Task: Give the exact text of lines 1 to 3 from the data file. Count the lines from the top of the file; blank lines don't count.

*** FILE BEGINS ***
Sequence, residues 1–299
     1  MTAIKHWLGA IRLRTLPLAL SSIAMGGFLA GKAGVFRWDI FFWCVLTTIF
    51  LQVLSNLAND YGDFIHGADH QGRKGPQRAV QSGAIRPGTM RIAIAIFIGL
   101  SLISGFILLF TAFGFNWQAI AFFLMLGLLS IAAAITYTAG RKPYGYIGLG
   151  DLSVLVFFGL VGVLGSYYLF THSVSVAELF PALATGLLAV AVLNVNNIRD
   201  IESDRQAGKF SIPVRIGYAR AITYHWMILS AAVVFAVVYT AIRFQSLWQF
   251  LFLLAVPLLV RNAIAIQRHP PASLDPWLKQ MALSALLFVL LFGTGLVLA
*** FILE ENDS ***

Sequence, residues 1–299
     1  MTAIKHWLGA IRLRTLPLAL SSIAMGGFLA GKAGVFRWDI FFWCVLTTIF
    51  LQVLSNLAND YGDFIHGADH QGRKGPQRAV QSGAIRPGTM RIAIAIFIGL